When you’re laid off, the loss of health insurance can be almost as devastating as the loss of income. But what many don’t know is that the federal government will pay most of the insurance tab for nine months.
Under the recently enacted economic stimulus plan, the federal government is offering reduced premiums on Cobra coverage, which allows former employees to retain their group health insurance for 18 months. Workers who are terminated between Sept. 1, 2008, and Dec. 31, 2009, will be required to pay only 35 percent of the premium to continue their insurance plan. The discount is available for nine months; after that you’ll have to pay the full premium.
Chris Zweidinger, vice president of employee benefits at Crissie Insurance Group, said many recently laid-off workers are being overcharged for Cobra because they are not aware of the discount.
“It’s not being communicated. I’m seeing tons of people who are overpaying,” Zweidinger said. “It’s tough to be unemployed, but it’s even tougher when you’re paying a rate that should be reduced by 65 percent.”
Zweidinger said that if you are being overcharged, you should contact your employer about getting the rate reduced.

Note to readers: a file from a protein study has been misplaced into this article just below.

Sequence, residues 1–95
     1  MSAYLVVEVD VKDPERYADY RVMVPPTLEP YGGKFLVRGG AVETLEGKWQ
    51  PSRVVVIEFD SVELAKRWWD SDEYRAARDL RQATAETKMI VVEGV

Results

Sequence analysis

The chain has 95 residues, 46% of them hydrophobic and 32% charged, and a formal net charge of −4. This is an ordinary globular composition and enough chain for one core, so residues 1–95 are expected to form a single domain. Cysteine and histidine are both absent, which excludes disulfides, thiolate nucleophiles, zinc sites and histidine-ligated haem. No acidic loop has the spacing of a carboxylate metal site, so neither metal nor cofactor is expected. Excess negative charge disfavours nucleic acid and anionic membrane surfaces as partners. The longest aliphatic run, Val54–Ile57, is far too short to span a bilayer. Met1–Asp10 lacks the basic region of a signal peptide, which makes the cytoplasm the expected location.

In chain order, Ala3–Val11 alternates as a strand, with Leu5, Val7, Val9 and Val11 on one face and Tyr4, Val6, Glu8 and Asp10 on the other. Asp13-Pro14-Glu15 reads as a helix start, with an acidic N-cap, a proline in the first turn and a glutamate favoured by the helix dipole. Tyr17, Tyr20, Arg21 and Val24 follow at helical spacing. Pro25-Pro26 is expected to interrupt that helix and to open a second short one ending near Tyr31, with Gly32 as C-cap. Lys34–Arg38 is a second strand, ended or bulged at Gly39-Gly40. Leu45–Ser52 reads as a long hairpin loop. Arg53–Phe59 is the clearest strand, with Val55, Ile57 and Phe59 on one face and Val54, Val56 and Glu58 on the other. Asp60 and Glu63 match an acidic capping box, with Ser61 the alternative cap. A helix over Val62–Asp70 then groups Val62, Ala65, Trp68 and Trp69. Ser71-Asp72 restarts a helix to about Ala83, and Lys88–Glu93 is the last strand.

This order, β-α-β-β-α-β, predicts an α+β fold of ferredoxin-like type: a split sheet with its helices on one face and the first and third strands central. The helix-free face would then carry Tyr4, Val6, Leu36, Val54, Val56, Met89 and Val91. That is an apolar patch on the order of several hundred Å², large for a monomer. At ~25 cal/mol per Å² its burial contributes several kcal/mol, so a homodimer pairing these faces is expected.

If you’re unemployed longer than 18 months or start your own business, that’s the time to shop for individual health insurance plans, experts said.
An insurance broker can help you determine which plan best suits your needs.
Robert Zirkelbach, a spokesman for industry group America’s Health Insurance Plans, cautions consumers not to choose a plan based on price alone.
“They should look not just at the premium but at a variety of other factors: Do they have a particular physician they go to regularly? They need to make sure they’re in the network,” Zirkelbach said. “Do they want the variety of choice of a PPO, or are they fine in a more managed network like an HMO?”
Zirkelbach also recommended paying close attention to the amounts of deductibles and co-payments so that you are fully aware of the costs of coverage beyond the premiums.
Don’t skimp on your health coverage due to a job loss, said Dieter Freer, divisional senior vice president for local and consumer markets at Blue Cross and Blue Shield of Illinois.
“Health care is very, very expensive, and if you get exposed to a critical situation when you are not covered, it could be financially ruinous,” said Freer.
“If you owned a house, you wouldn’t let your fire insurance go. The chances of your house burning are not as great as something going wrong with your health.”
© 2009, Chicago Tribune. Source: McClatchy-Tribune Information Services.